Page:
What are the 7 wastes of lean?
The 7 wastes of lean originate from lean management and divide into seven different types of waste that can occur in production. According to the teachings of Lean Management, these types of waste must be identified and minimized. The 7 wastes of lean are: Overproduction, Waiting, Transportation, Over-processing, Inventory, Defects and Motion.
What is meant by waste?
In lean management, the term waste refers to all work and effort that consumes resources but does not create value.
The 7 wastes of lean
Overproduction More is produced than is demanded by the customer.
Waiting There is a wait for process completion or material replenishment.
Transportation There is unnecessary movement between processes.
Over-processing Production is above required quality standards.
Inventory Inventory is higher than appropriate.
Defects Processes need to be repeated or corrected due to errors.
Motion There is unnecessary movement within processes.
How to avoid the 7 wastes of lean in production?
Overproduction Overproduction leads to an increase in inventory, which leads to an increase in operational costs. Overproduction can be prevented by introducing a pull system.
Waiting During waiting times, no value-adding activities are performed. Necessary waiting times, due to plant or machine maintenance, can be used productively for a quality inspection, for example.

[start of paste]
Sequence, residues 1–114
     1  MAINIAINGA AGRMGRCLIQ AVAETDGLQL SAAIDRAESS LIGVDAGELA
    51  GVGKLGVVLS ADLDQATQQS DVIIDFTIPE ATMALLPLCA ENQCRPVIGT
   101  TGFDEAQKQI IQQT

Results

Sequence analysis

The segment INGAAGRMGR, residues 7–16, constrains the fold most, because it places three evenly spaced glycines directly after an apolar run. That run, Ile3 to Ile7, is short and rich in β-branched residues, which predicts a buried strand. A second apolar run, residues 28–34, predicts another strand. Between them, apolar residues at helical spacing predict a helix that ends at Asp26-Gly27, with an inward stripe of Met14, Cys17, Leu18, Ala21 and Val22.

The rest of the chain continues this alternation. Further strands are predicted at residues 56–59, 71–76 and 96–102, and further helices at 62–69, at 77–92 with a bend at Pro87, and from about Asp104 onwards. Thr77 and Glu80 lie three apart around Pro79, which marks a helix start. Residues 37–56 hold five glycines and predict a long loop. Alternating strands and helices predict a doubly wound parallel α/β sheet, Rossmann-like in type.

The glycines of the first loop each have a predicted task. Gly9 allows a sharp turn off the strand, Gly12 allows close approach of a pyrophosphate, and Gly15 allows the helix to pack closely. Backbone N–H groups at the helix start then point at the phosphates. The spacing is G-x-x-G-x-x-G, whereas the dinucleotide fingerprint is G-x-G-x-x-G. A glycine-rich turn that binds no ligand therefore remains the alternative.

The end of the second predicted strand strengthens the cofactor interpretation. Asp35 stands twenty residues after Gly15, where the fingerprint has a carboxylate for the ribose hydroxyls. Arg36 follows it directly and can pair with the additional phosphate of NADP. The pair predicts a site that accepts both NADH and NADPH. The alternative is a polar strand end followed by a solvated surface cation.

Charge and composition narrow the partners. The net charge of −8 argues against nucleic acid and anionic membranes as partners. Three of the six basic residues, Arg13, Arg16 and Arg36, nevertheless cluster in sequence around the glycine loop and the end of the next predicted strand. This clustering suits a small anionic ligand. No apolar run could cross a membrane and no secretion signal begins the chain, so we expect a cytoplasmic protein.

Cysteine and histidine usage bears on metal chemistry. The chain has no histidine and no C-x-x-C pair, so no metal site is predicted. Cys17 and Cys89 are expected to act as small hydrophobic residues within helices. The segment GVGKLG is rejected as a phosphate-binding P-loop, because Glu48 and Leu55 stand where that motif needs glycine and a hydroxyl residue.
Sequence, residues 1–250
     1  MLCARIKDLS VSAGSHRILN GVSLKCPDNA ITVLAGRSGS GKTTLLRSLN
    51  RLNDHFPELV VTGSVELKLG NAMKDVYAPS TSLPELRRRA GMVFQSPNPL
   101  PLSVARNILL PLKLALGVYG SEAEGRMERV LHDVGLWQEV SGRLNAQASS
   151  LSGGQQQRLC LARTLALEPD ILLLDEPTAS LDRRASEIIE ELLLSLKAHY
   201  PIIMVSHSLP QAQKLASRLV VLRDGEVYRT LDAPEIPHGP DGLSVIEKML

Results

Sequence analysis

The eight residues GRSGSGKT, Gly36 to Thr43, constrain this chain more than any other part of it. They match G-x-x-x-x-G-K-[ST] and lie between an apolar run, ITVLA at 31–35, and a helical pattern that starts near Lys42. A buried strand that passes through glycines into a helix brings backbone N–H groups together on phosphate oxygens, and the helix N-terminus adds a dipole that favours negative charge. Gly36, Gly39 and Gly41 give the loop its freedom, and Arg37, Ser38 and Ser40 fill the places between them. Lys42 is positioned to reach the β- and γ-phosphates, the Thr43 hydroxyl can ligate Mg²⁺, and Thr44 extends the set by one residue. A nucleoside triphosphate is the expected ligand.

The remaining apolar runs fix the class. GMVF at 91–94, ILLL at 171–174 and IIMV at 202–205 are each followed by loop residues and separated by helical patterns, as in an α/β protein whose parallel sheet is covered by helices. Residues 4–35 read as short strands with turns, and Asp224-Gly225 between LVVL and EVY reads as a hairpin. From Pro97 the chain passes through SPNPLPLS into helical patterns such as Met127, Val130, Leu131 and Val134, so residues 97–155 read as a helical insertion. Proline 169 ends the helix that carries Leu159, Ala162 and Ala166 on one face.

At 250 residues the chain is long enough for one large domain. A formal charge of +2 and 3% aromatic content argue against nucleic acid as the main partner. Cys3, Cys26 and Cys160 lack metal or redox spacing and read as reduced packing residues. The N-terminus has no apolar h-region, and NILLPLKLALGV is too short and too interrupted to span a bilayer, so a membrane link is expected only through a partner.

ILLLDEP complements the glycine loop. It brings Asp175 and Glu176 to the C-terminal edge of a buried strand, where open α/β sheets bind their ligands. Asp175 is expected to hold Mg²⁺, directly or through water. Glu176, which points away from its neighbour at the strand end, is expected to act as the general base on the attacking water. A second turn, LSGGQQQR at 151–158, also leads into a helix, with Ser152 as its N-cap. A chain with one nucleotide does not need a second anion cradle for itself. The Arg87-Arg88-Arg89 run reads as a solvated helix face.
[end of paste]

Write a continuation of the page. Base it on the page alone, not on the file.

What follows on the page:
Transportion Poor layout planning can result in long transport routes for intermediate products. Optimal layout planning can shorten these transport routes and thus lead to less wasted time.
Over-processing Production above the required standard usually involves more work than necessary. An analysis of the various process steps can provide information on which processes can be changed or omitted.
Inventory High inventory levels lead to an increase in operational costs. Introducing a pull system can prevent overproduction and the associated increase in inventory.
Defects Products that do not meet expectations must be reworked using additional resources. Introducing quality controls between manufacturing processes can lead to less scrap and associated rework.
Motion Unnecessary movement, such as fetching tools, results in wasted work time. Ergonomic and optimal arrangement of work equipment leads to less unnecessary movement.
Want to know how to prevent waste using software?
7+1 types of process waste and how to avoid them with software
In this blog post, you'll learn how using software can help you eliminate waste and make the most of your resources.